Children's body parts were kept by police

Hannah Cheevers says she would "just like to know why" her baby was not buried with all his organs

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Significant body parts from almost 90 children were kept by police often without informing parents, a BBC investigation has found.

A national audit in 2012 found police forces had kept almost 500 body parts from cases dating back to the 1960s.

In one, the brain of a child from Dorset was kept for 13 years. The mother was only told during a visit from police carrying out the audit.

Dorset Police said it would not comment on individual cases.

Under the Police and Criminal Evidence Act it is legal for the police to retain body parts and samples during investigations.

Det Insp Kevin Connolly from Dorset Police said: "This has been incredibly difficult for these families and we have provided all the support we can to help them at this difficult time."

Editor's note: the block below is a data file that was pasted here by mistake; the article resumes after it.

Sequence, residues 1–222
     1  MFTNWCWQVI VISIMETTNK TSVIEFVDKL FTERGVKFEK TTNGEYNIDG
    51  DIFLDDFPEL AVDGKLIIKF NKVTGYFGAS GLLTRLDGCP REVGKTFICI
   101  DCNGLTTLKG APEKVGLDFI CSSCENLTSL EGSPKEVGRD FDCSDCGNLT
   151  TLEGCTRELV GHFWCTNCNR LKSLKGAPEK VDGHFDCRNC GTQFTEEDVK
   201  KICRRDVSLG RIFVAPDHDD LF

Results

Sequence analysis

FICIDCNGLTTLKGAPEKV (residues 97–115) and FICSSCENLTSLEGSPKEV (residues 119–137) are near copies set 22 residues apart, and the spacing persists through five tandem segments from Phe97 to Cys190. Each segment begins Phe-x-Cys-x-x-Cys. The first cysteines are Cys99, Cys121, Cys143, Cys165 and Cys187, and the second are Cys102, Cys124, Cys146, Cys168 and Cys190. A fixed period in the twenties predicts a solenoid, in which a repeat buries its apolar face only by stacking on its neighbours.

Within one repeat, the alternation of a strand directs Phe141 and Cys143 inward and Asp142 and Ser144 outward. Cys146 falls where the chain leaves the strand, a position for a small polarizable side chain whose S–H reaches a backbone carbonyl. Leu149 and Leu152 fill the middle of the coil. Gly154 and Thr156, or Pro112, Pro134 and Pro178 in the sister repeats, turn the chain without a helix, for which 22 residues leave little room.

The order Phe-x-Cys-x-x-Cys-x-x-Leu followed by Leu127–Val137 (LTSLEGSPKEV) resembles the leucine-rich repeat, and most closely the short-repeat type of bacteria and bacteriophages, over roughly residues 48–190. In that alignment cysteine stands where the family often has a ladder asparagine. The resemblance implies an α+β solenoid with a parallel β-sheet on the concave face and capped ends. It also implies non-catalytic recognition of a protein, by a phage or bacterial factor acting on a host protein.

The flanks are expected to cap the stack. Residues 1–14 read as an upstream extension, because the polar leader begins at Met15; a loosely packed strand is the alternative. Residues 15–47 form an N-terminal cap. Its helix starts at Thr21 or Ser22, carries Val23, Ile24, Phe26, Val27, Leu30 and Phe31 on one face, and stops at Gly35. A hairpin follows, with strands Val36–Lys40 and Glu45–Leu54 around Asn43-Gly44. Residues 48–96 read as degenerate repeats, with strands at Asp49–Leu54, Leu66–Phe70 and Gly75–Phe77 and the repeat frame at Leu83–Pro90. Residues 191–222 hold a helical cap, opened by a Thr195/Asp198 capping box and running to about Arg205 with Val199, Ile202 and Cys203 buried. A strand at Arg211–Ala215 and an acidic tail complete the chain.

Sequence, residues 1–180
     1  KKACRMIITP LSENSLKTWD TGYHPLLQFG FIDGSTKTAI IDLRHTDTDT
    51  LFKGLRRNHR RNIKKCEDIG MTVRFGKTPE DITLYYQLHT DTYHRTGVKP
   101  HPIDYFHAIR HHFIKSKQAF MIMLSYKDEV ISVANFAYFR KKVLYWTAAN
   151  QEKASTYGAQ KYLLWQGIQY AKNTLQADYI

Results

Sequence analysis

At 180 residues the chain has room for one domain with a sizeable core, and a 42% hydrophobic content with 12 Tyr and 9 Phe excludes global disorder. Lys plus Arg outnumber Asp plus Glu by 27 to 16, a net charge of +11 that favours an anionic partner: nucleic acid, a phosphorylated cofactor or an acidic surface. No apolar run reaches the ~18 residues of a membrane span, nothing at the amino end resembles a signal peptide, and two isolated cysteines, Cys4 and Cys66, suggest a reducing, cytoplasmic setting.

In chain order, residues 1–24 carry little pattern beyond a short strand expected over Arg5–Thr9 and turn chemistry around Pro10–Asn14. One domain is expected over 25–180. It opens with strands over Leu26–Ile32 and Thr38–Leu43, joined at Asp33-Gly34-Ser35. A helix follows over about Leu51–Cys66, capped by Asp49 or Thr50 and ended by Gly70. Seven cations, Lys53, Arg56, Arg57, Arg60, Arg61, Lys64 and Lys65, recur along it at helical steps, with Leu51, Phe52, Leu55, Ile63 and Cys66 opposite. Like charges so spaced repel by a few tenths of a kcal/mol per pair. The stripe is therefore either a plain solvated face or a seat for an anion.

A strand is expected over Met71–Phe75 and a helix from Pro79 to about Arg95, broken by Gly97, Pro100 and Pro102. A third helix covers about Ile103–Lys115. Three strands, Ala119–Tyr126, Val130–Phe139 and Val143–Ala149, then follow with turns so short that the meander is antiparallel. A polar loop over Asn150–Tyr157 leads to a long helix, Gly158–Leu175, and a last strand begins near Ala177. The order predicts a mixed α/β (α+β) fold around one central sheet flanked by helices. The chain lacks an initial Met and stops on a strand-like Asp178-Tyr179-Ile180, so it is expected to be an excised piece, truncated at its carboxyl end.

'Huge impact'

Chief Constable Debbie Simpson, from the Association of Chief Police Officers, said forces were making changes following the national audit.

"I recognise fully the huge impact these issues have on families affected," she said.

"The rights of next of kin, and their wishes, were central to my recommendations and of the utmost importance."

The brain of Hannah Cheevers' son, Rhys, who died of heart problems in 1998, was kept by police.

She found out about what had happened when she had "a knock on the door from the police".

"I'd like to know the reasons behind them keeping them - especially in cases like my own where there was no criminal investigation, no suspicion.

Start Quote

We didn't give any consent for any part of him to be kept. We assumed we'd buried our child whole.”

End Quote Hannah Cheevers
No apology

"I'd like to know why," she added.

"We didn't give any consent for any part of him to be kept. We assumed we'd buried our child whole."

Ms Cheevers said she has not had an apology from Dorset Police.

The BBC has spoken to several others who have been involved in similar cases.

Julie Middleton's son, Regan, died in 1999 but she was only told his brain had been kept at Southampton Hospital last year.

In total, Dorset Police retained body parts from 12 under 18s while Avon and Somerset Police kept 21.

Other forces that held onto multiple children's body parts include Leicestershire with 11, Cambridgeshire with 10, the Police Service of Northern Ireland with nine and West Yorkshire with eight.

The retention of body parts has also led to police having to pay for almost 100 funerals.

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